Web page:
In a new paper published by the Higher Education Policy Institute (www.hepi.ac.uk), Holding Talent Back? What is next for the future of Level 3?, 11 different authors consider the Westminster Government’s controversial reforms to Level 3 qualifications, including BTECs.
While the Government has confirmed that many Applied General qualifications can continue to play a role in the Level 3 landscape, with ‘significantly less than half’ defunded, the issue as recognised by the Rt Hon. the Lord (David) Willetts in his Foreword, is which qualifications ‘will survive [by the end of all these reforms] and how many students will be able to study them.’
Collectively, the chapters argue that England risks closing off a useful and proven route for students from a wide range of backgrounds, including those hoping to reach higher education.
The authors also argue that the new T Levels, which are designed to sit place alongside A Levels, are welcome but still need to prove themselves. The report argues their success should not rest on shutting off tried-and-tested options that are popular with employers, higher education institutions and students.
In his Foreword to the report, the Rt Hon. the Lord David Willetts FRS, a former Minister for Universities and Science (2010-14), writes:
Every year about 240,000 BTEC Level 3 Nationals are completed across the UK, as part of a one or two-year study programme, largely by students aged 16-to-18, as well as 19 and over. Yet the Government’s proposal to remove the funding for them is proceeding with little wider public debate and challenge. Imagine by contrast that the Government were planning to remove the funding for A Levels. There would be intense public and political debate going beyond the practitioners who are close to the issue.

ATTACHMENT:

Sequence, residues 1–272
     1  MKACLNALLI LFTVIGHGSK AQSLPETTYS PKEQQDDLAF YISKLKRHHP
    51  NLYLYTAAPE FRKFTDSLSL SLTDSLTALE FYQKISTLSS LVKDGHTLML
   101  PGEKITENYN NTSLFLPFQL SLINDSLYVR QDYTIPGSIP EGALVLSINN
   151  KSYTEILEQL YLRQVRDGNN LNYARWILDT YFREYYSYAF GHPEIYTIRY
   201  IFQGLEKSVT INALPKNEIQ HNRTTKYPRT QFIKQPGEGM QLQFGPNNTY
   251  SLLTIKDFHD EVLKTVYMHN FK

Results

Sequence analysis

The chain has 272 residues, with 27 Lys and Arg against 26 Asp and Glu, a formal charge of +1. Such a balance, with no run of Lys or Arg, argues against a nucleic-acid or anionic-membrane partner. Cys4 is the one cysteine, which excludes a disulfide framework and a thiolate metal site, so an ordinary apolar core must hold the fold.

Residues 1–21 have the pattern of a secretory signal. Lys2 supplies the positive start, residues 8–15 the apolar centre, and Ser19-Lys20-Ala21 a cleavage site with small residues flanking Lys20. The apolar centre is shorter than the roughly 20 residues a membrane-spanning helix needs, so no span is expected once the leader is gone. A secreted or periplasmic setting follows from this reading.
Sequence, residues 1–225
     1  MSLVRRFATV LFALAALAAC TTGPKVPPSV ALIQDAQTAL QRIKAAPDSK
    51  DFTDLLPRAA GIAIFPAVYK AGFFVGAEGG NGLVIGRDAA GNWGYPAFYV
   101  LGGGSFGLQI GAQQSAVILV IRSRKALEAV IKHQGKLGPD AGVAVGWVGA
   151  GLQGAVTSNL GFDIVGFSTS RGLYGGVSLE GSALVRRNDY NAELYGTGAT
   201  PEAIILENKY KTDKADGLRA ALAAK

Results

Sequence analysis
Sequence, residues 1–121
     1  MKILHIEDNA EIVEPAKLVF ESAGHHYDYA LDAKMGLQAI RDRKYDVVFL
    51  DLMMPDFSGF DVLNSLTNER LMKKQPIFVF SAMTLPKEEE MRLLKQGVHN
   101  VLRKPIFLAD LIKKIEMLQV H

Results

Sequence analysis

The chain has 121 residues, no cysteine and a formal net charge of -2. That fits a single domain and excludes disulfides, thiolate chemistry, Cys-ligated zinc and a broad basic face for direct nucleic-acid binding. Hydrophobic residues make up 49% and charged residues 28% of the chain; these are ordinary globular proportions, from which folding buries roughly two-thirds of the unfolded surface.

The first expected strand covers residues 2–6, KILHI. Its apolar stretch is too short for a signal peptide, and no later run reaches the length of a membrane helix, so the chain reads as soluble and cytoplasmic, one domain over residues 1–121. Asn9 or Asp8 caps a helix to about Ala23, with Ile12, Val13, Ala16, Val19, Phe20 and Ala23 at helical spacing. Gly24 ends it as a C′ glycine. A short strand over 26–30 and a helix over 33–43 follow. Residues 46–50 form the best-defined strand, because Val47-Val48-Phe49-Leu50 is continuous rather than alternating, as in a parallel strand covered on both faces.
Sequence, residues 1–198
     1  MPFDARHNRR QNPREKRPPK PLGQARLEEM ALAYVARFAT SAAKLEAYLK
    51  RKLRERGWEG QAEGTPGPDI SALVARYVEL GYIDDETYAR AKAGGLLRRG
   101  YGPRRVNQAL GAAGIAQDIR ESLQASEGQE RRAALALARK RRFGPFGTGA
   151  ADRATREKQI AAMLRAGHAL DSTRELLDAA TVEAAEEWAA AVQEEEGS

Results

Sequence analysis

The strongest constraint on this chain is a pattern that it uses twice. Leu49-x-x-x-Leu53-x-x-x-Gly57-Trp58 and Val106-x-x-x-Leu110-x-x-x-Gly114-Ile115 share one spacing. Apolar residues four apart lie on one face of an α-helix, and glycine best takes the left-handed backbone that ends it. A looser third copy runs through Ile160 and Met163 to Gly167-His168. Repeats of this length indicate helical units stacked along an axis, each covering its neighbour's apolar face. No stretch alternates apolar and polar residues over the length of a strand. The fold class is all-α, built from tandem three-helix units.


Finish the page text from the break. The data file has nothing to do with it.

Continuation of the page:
In her chapter, Mary Curnock Cook, Non-Executive Director and Chair of Pearson Education Ltd Board and a HEPI Trustee, writes:
With good reason, many commentators are worried about the impact on equality and diversity of the proposed changes to funding for BTECs and other Level 3 Applied General qualifications. The Department for Education’s own Impact Assessment indicates that fewer students are likely to achieve Level 3 because of these reforms. This is odd because Level 3, as well as being the springboard for progression to higher education, is also the foundation on which the Government’s Level 4 / Level 5 and higher technical skills ambitions will be built.
In his chapter, John Cope, Executive Director at UCAS, writes:
While there is evidence that technical qualifications offer narrower and lower rates of progression, we must not overlook their contribution to levelling up. Students from disadvantaged backgrounds are three times more likely to hold only BTEC qualifications than those from more advantaged backgrounds. So it is clear that BTECs currently support opportunity for progression to university or college for many disadvantaged students.
In her chapter, Salsabil Elmegri, NUS Vice President for Further Education, writes:
[I]t is impossible to square the Government’s stated ambition to “level up” opportunity with the plan to reduce BTECs. The qualifications are engines of social mobility, with the Department for Education’s own Equalities Impact Assessment stating “those from SEND backgrounds, Asian ethnic groups, disadvantaged backgrounds, and males [are] disproportionately likely to be affected”. While some students will take A Levels and T Levels instead, reducing BTECs will just mean many more students are going to drop out of education altogether.
In their chapter, Sam Freedman and Sarah Taunton of Ark write: